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Do you present one face to your customer?

This might seem like silly question for a one-person business (“I only have one face”), but as your company gets larger, it becomes critically important. I started thinking about this as I have navigated through the maze of relocating my mother-in-law to a retirement community from her house. Some companies seem to be able to pull off this “one-face” business, while others fail utterly. For some reason, banks and insurance companies seemed to have more trouble than other companies. And, in a surprise, I had as much trouble with small companies as large ones, for different reasons. How well your company presents one face to its customers makes a huge difference in customer satisfaction.

Frankly, I learned more about how checks clear in the last few days than I ever expected. And, in truth, I’d have preferred to die ignorant of the entire process. What precipitated this forced learning was my attempts to aggregate the money in one place that I must pay my mother-in-law’s new retirement community, so I can hand them a check next week.
It turns out that one of the six-figure checks was troubling one of the banks, because its computers were questioning the computers of the bank it was drawn on. The fun began when I got a call from the branch manager who heard that the check might be returned–she advised me to call the other bank to find out what the problem was. They knew nothing about it, but by the time I called the first bank back, the branch manager had left for the day and locked her papers in her desk. I was advised to call the bank’s customer support line.
They knew nothing at all about this. I persisted, saying that someone in the bank told the branch manager the news, so can I just talk to that person? No, no one can talk to the “back office” people. And the customer service department doesn’t have any information about the problem because only the branch managers get that information.
Now, you know, I thought computers solved this problem. The information is in there and anyone can access it and all tell the customer the same story. But not at my bank.
Not at the other bank, either. The branch and the back office had no idea what was going on but kept sending me from one to the other in hopes someone else knew. It got to the point that when anyone used the word “we,” I asked them does “we” mean your department or your company? It was their department every time.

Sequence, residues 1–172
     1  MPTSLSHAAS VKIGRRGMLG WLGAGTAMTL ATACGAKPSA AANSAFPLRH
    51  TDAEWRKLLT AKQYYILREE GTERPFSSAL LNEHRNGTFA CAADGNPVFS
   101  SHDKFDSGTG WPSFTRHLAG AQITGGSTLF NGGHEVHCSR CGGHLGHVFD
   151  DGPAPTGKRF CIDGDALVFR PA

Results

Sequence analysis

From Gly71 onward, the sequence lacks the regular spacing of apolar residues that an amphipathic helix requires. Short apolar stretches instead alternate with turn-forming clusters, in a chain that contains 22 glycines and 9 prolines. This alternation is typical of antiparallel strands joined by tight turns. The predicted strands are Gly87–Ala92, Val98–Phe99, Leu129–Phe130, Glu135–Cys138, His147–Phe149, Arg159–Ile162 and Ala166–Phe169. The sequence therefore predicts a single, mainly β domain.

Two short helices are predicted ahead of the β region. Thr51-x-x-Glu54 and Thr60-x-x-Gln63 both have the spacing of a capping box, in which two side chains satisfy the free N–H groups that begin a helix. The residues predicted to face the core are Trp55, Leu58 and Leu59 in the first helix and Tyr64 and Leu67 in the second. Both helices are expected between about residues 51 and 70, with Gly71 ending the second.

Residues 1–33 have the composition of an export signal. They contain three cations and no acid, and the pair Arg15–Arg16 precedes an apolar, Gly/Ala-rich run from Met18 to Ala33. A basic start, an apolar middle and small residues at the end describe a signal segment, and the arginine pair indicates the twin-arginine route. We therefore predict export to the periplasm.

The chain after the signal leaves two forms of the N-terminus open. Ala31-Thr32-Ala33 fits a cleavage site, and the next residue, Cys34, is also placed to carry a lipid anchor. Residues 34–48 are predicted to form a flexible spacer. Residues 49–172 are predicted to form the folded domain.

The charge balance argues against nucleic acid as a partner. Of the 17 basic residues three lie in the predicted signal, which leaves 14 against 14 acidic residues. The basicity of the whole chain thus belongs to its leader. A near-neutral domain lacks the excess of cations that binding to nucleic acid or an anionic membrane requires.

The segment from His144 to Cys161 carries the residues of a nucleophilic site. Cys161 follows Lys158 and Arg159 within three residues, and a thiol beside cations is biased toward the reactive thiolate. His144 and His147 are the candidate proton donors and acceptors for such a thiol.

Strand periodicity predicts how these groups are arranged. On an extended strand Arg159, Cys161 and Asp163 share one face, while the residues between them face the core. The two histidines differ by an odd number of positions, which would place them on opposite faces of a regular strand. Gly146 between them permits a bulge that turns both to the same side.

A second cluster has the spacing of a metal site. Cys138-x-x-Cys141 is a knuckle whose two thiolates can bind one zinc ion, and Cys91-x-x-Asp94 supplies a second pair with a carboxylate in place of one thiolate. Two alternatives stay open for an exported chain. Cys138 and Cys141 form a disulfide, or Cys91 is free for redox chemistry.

Now maybe there are some privacy practices that prevent people from seeing my personal information, but I think I should be allowed to give permission and override them. In the end, there was nothing wrong with the check, but the bank put an extra five-day hold on it that was immediately removed when I called the branch manager again. Huh? If someone at the bank had called the branch manager, there would never have needed to be a hold.
I had a similar experience with my mother-in-law’s small insurance agency this week. I was asked to forward some papers to them and they never did what was needed, which caused a crisis this week, When I called, I was told by the owner that if they had received the papers, they’d have done what was required because “we do that automatically.”
Then came a pregnant pause. “Wait a minute,” he said. He returned to phone chagrined and apologetic. “I found the papers–we’ll handle this immediately.” Apparently he had an employee not doing her job, whom he had just fired, but they hadn’t cleaned out her desk yet to find all the stuff she hadn’t handled.
Regardless of the cause, you look bad when a customer communicates with one person at your company and that isn’t good enough. If you expect the customers to find the right person at your company–the one in the right department, or the one who has that skill, or the one who is competent–you are expecting too much. If you can’t provide one face to the customer, don’t be surprised if your customer finds a new company with a new face.

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Mike Moran

Mike Moran is a Converseon, an AI powered consumer intelligence technology and consulting firm. He is also a senior strategist for SoloSegment, a marketing automation software solutions and services firm. Mike also served as a member of the Board of Directors of SEMPO. Mike spent 30 years at IBM, rising to Distinguished Engineer, an executive-level technical position. Mike held various roles in his IBM career, including eight years at IBM’s customer-facing website,, most recently as the Manager of Web Experience, where he led 65 information architects, web designers, webmasters, programmers, and technical architects around the world. Mike's newest book is Outside-In Marketing with world-renowned author James Mathewson. He is co-author of the best-selling Search Engine Marketing, Inc. (with fellow search marketing expert Bill Hunt), now in its Third Edition. Mike is also the author of the acclaimed internet marketing book, Do It Wrong Quickly: How the Web Changes the Old Marketing Rules, named one of best business books of 2007 by the Miami Herald. Mike founded and writes for Biznology® and writes regularly for other blogs. In addition to Mike’s broad technical background, he holds an Advanced Certificate in Market Management Practice from the Royal UK Charter Institute of Marketing and is a Visiting Lecturer at the University of Virginia’s Darden School of Business. He also teaches at Rutgers Business School. He was a Senior Fellow at the Society for New Communications Research and is now a Senior Fellow of The Conference Board. A Certified Speaking Professional, Mike regularly makes speaking appearances. Mike’s previous appearances include keynote speaking appearances worldwide

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